An argument I have heard in the past, but only occasionally agree with, is that a movie is only as good as its quotes. Though Dr. Strangelove is more than the sum of its parts, one can't ignore the dialogue when searching for the soul of the movie.
A fine quote for the era of the film's setting is "deterrence is the art of producing in the mind of the enemy...the FEAR to attack." Perhaps if we applied this philosophy, Hitler would not have run such a muck. Fear, as we all know, is one of the most powerful weapons an army can possess. It is the only real reason that the final scene was not ours. Strangelove later argues that the Doomsday machine should have been announced to the world.
For all the polygamists at heart, there is "the ratio of ten women to each man. Now, wouldn't that necessitate the abandonment of the so-called monogamous sexual relationship." As Mr. Bennet mentioned, this movie is all about sex. The point of sex is to reproduce, which is the point of life, from an evolutionary stand point. Perhaps this is Stanley Kubrick's philosophy on love (With eccentric films like "A Clockwork Orange", "The Shinning", and "2001: A Space Odyssey", it would not surprise me).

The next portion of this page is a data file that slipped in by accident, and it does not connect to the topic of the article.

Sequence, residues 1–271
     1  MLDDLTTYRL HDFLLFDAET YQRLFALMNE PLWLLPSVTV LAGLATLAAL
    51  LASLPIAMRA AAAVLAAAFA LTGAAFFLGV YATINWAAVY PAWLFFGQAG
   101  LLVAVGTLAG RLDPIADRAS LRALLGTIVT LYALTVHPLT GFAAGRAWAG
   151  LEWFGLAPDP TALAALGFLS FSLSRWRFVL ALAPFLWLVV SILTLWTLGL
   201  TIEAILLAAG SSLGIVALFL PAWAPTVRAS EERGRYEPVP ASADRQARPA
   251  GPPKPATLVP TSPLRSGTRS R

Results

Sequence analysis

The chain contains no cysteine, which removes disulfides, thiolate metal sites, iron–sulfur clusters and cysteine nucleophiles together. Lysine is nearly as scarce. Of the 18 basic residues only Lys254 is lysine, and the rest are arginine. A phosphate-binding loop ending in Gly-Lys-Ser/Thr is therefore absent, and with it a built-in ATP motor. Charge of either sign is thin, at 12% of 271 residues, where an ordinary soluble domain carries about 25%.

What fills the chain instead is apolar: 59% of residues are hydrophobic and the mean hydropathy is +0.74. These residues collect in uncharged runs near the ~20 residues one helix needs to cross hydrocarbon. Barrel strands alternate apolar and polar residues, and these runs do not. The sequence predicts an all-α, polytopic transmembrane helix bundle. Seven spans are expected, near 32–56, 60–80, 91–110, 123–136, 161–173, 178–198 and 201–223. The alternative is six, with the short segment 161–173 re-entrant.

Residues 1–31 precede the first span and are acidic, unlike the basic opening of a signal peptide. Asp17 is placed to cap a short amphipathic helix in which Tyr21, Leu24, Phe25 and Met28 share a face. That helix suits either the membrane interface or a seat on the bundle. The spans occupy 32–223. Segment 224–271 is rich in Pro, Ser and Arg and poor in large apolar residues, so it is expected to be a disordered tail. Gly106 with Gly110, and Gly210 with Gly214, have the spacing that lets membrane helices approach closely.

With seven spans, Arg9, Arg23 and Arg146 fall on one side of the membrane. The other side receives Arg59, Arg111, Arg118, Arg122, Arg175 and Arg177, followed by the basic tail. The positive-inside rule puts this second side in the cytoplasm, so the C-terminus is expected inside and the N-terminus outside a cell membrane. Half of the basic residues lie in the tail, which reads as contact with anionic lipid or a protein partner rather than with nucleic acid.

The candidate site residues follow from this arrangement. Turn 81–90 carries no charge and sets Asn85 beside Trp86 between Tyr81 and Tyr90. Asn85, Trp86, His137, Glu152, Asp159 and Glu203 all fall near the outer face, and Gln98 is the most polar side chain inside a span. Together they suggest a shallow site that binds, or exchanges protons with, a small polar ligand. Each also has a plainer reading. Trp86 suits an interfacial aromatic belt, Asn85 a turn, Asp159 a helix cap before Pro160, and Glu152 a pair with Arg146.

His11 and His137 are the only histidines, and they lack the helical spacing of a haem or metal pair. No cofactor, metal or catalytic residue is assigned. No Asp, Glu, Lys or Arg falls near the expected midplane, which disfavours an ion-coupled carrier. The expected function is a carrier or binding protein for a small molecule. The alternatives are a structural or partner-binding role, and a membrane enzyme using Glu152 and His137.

The capitalist can appreciate this one: "Do you realize that fluoridation is the most monstrously conceived and dangerous communist plot we have ever had to face?"
Like much of the film, this is a satire. Fluoridation is one of the most harmless communist concepts that exists. Because it is a public project that would influence everyone in a given nation. It is merely the level of control that would frighten the die hard anti-red person. The fear discussed in the first quote is responsible for both the inability to attack and the desire to do the opposite.
Finally, the historian gets a bone too: "[C]ome over here, the Red Coats are coming!" Ironically, the color of the enemy that began and ends our existence is red. The director chooses this line, probably to show how our roles as the victim, and now the bully, has changed over the centuries. We are the ones attacking the Russians and we have the nerve to call them red coats, though we technically did that to them too, but we had better reasons.
What I can gather from these quotes is that "How I learned to stop worrying and love the bomb" is a satirical, yet deep film. Though it pokes fun at the military institution of the 1960s, it also puts it in perspective.